Above all, however, it is vital that the platforms conduct detailed analyses of the tax situations of all those involved in transactions; after all, as brokers between backers and recipients, they should be assuming a clarificatory role. All sides must be able to rely on the information presented on the platforms.

Last but not least, politicians should be considering generally simplifying the fiscal and regulatory landscape relating to crowdfunding. Tax breaks for risk capital investments (e.g. making capital contributions in start-ups tax-deductible and exempting such investment from wealth tax) would greatly benefit the investment climate in Switzerland. Other countries such as the UK and USA are way ahead of us in this respect. Canton Zurich’s announcement in March 2016 of its intention to ease the wealth tax burden when evaluating start-ups[8] is a first step in the right direction. Far more needs to be done, however.

[1] See also the Federal Law on the Taxation of Legal Entities with Idealistic Aims, due to come into force on 1 January 2018. This law provides for a tax-free allowance of CHF 20,000 in taxable profit for legal entities with idealistic aims, subject to derogation provisions by the cantons.

[2] However, see also additional cantonal rules for start-ups, e.g. the „LJEDI“ law in Canton Geneva that confers the status of „JEDI“ on young companies developing innovations. The Swiss Federal Council is not in favour of measures of this nature at a federal level (see e.g. its report „Tax shortfalls arising from the exemption of start-up companies from tax“ of 10 September 2013). The Federal Council prefers instead to support all companies by means of fiscal measures that promote research and development. Encouragingly, measures of this nature in support of R&D are now included in the parliamentary Corporate Tax Reform III discussions.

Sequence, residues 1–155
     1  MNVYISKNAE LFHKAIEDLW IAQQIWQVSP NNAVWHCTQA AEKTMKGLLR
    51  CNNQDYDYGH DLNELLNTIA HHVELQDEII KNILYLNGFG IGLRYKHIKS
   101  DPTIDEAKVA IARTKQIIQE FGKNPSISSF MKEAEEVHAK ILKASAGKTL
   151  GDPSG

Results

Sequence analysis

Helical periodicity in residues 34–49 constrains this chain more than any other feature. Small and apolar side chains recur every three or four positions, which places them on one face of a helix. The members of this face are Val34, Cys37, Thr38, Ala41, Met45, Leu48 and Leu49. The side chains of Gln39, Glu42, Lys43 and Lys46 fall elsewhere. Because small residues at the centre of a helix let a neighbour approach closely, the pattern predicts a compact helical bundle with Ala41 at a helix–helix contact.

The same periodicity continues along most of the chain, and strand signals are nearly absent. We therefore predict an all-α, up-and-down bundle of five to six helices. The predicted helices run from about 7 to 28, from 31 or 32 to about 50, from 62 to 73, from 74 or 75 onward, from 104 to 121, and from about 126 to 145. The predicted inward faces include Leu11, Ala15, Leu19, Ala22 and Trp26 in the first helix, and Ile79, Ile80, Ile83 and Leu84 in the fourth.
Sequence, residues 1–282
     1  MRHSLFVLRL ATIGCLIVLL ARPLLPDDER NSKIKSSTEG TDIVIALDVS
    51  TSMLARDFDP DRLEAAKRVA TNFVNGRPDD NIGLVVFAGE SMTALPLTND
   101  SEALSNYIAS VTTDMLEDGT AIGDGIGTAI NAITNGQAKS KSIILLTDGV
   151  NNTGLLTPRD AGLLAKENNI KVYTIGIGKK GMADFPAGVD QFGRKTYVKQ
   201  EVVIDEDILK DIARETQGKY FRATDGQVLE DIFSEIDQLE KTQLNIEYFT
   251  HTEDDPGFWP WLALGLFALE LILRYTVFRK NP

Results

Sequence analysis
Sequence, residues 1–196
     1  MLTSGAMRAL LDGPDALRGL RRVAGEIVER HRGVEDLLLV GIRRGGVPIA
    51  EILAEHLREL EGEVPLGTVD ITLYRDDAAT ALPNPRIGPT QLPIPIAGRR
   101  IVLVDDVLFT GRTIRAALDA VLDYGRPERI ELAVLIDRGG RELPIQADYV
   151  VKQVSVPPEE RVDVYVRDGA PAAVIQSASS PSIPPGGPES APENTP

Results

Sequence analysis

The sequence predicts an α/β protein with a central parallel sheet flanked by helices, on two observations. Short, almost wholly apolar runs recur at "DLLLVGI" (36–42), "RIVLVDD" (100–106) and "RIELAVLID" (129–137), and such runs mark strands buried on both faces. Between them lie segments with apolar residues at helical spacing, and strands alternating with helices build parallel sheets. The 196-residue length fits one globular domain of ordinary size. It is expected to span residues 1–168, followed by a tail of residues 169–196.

[3] The same applies to prices paid by investors during financing rounds or capital increases. This can be highly problematic, in particular for the founders. If, during a second financing round, for instance, CHF 1 million is offered for a five percent stake, the tax authorities suddenly deem the remaining 95 percent to be worth CHF 19 million, even though the company is in all probability still posting losses: despite this, the founders will find themselves having to pay a correspondingly large amount in wealth tax. Canton Zurich has recently recognised this and disregards, wholly or in part, investor prices achieved during the first three to seven years (see official communication of 1 March 2016:

[4] Which, however, would require the recipient to hold a bank licence (see Art. 6 of the Banking Ordinance).

[5] Although arm’s-length donations of small amounts between independent third parties (e.g. up to CHF 5,000 in Canton Zurich) and donations to spouses, direct descendants and tax-exempt legal entities are generally deemed a gift, they are usually exempt from gift tax (beware of differing cantonal rules). In addition, where shareholders and related parties are involved, the situation is rendered more complicated by the need to observe rules governing hidden profit distributions and capital contributions.

[6] For example, the development of a product starts only when a certain level of funding has been received; if this threshold is not reached, the contributions must be returned.

[7] The contributions received from backers must, for example, be invested in developing a particular product.

[8] See footnote 3.